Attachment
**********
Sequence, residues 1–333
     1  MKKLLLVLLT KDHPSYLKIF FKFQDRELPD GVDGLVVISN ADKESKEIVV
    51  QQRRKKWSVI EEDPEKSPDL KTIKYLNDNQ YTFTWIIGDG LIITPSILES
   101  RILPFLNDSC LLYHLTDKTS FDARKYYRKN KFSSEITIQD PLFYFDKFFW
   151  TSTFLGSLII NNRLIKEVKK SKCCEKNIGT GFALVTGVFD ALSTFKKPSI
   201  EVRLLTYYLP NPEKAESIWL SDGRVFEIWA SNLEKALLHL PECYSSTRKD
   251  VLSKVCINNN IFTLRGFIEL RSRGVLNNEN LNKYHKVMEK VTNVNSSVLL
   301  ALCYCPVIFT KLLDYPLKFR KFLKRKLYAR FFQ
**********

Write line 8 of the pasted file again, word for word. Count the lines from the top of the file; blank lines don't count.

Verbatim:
   301  ALCYCPVIFT KLLDYPLKFR KFLKRKLYAR FFQ